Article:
Members of the Freeport High School cast and crew of “The Tinderbox.” Top row: Camden Wilbur, Kendall Richardson, Ian Smith, Enoch Boudreau, Bridgette Francoeur, Lukis Crowell, Mason Hall, Eva Simmons, Jack Freeman, Ava Torno and Zion Mezzapelle. Second row: Mira Goldman, Mackenzie Mills-Dudding, Natalie Libby, Natalie Unfricht, Jojo Mezzapelle, Gretchen Welle and Audrey Piltch. Front row: Nina Tiffany, Haley Demmons, Mikayla Feltis, Emily Garneau, Tommy O’Brien, Zane Aguiar, Katie Roy, Kyrstyn Koehling, Kaitlynn Webb, Jessica Garneau, River Pike and Soleil LeRiche. Courtesy of Mara Dale

For the first time in 15 years, Freeport High School won the Maine Drama Festival Class B state title last weekend, taking home awards for outstanding costumes, set design, lighting design and acting.

The cast of 16 and crew of 14 performed “The Tinderbox,” a 40-minute play based on Hans Christian Andersen’s dark fairy tale of love, loss and magic, at Ellsworth High School last Friday.

Assistant Student Director Katie Roy said it felt great to bring home a plaque acknowledging all their hard work.

“When they announced that we won, I was so ecstatic,” Roy said.

Director Mara Dale said she and her students were welcomed home as theater victors in a big way on Sunday.

“When we came in, we were police escorted and had a parade. The students’ parents got to shout and honk their horns,” Dale said. “I’m super proud of the work that they did and what they accomplished.”


In addition to winning the competition, several of Dale’s students received individual awards at the closing ceremony. Zane Aguiar and Jojo Mezzapelle won for excellence in acting; Will Spaulding and Gordan Foye won for set design; River Pike, Allison Peterson, Madison Collins, Jojo Mezzapelle and Zion Mezzapelle won for costume design; Enoch Boudreau won for light design; and the cast won for best ensemble work.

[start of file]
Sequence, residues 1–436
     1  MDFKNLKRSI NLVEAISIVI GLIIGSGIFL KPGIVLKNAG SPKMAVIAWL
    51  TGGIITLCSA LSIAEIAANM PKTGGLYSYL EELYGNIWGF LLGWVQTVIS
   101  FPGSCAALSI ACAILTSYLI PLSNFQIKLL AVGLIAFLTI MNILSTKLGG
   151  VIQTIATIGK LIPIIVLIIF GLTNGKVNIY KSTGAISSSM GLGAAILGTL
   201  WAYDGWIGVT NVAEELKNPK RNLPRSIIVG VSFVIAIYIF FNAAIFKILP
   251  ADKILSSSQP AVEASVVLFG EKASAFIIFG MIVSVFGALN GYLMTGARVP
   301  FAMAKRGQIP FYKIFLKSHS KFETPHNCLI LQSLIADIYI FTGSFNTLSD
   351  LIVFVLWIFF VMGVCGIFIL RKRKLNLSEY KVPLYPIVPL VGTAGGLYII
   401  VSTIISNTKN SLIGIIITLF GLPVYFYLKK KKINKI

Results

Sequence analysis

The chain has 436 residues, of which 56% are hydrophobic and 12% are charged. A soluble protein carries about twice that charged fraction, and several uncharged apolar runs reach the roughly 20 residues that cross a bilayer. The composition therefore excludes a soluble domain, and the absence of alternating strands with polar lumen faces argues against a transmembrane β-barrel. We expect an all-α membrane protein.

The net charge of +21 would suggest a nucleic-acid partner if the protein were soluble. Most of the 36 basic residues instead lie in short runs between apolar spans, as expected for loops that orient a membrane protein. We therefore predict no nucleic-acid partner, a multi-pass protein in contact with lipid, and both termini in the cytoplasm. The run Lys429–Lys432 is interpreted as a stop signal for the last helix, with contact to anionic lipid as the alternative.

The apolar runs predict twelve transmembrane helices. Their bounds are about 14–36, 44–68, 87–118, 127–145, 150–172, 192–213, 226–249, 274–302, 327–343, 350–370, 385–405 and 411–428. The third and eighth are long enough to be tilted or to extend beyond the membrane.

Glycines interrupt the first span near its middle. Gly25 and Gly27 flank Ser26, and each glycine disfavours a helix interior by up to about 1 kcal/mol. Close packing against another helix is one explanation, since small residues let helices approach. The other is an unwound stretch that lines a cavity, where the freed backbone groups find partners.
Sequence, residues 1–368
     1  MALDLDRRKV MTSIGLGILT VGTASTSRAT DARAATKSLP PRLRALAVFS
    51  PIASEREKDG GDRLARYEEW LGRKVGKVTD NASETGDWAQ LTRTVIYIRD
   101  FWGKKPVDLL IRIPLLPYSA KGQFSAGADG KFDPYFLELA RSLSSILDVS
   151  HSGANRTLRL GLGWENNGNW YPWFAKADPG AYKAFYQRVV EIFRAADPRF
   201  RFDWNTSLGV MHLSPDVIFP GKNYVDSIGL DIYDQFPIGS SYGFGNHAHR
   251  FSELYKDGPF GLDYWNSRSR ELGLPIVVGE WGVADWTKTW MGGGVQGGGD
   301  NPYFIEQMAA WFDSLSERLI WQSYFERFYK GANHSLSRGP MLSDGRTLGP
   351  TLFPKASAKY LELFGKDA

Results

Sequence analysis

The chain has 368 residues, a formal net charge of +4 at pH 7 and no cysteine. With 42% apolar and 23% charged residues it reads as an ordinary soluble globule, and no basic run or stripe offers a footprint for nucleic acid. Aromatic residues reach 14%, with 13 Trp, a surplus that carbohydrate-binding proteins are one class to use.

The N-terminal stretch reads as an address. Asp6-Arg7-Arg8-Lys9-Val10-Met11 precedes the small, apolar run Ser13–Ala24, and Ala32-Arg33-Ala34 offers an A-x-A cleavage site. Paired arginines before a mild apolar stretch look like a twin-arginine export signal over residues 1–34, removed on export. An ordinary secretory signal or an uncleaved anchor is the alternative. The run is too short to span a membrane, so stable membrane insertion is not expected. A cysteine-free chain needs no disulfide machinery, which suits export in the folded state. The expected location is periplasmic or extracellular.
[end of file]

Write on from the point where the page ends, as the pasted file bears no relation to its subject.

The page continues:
Dale said Boudreau’s award for his “masterful” lighting design was extra special because his cues didn’t properly download onto the computers at Ellsworth. She said he had to start from “scratch” and reprogram 80 lighting cues 25 minutes before the show started.

Aguiar, 18, who played the villain of the show and dazzled audiences with his sword-fighting skills, said he was confident his cast could win the competition.

“We have all worked so hard on this show for about two to three months now, and it’s so nice to see all our hard work come together in such a special way. I personally was not too surprised when we won,” Aguiar said. “We were pretty confident that the winner would be between us and Central High School, which was nerve-wracking. I knew our show was exceptional in all the different elements we were being judged on, so I was confident that we would win.”

Also performing at the festival were Stearns, Ellsworth, Oceanside, Cheverus and Fort Kent high schools as well as Monmouth Academy. All schools competing had five minutes to assemble their sets, 40 minutes to perform and five minutes to break down their sets. Three judges evaluated each performance based on timing, body movement, voice, lights, sound, makeup, hair, costumes and blocking, according to Dale.

As state champs, Freeport was invited to perform and attend theater workshops at the New England Drama Festival in April at Camden Hills Regional High School but had to decline due to scheduling conflicts, according to Dale.

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